What Led The United States Into The Vietnam War?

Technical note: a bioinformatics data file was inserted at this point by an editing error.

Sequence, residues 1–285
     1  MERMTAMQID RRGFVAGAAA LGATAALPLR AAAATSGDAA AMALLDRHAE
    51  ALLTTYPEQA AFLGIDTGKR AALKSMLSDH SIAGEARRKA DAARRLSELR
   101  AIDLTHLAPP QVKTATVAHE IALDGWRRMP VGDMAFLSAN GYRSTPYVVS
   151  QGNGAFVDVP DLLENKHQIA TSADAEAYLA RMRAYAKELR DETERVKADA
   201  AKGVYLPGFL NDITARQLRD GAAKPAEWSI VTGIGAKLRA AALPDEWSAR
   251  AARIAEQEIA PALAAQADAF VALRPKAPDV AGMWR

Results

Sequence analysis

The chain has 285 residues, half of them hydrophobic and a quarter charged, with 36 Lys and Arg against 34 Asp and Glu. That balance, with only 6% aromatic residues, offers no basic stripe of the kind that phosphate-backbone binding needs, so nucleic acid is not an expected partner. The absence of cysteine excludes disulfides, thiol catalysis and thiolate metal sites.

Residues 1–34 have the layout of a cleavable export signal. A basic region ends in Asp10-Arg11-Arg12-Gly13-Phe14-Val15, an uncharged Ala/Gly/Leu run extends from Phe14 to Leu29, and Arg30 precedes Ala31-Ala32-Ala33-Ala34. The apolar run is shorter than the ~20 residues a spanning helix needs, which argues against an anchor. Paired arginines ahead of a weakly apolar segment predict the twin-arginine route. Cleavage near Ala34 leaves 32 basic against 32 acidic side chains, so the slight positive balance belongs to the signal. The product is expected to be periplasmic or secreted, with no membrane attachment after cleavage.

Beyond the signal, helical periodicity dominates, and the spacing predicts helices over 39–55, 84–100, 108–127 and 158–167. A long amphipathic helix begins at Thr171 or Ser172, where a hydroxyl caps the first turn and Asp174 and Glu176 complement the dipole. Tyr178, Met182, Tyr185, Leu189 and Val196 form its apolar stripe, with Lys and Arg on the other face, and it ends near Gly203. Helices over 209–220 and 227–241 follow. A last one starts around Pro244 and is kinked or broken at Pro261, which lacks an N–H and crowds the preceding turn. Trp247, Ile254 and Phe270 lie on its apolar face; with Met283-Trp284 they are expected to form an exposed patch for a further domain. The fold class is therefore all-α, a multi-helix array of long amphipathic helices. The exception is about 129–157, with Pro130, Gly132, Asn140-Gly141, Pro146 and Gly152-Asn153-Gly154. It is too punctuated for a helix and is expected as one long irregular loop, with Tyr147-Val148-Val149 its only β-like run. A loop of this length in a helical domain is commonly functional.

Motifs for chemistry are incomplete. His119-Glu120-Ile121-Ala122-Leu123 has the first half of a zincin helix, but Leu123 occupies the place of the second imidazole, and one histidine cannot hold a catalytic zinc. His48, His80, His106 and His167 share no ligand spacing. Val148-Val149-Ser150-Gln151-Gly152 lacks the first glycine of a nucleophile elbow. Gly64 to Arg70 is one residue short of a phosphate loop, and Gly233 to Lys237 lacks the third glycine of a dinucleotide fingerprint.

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Reilly Fletcher HUS History Mr. Hlavacek 5/30/16 What Led the United States to Enter the Vietnam War? The United States played a very crucial role in the conflict that occurred in Southeast Asia between the U.S.-backed democratic South Vietnam, and Soviet-backed communist North Vietnam. Following the defeat of its French administration in 1954, North Vietnam, led by Communist leader Ho Chi Minh, wanted to reunify the country with the help of its rebel allies in the south, known as the Viet Cong. Out of this chaos emerged a difficult situation for the United States, as Cold War sentiments were present within this proxy war between the two powerful nations and the third party of Vietnam. The United States wanted to support Ngo Dinh Diem, leader of South Vietnam, in order to ensure his government would not fall into ruins and be taken control by the communists, but President Eisenhower was also hesitant to get his troops involved in this large scale conflict in Southeast Asia. In response to the increased threat of North Vietnam, recently elected President John F. Kennedy increased America’s presence in Vietnam without intervening by increasing the number of economic, military, and political advisers “from 800 in 1961, when [he] took office, to 16,700 in 1963.” However, once Kennedy was assassinated, Lyndon B. Johnson was elected and was accused of not doing enough to prevent this “domino theory” of falling into communism from happening. In August of 1964, an incident
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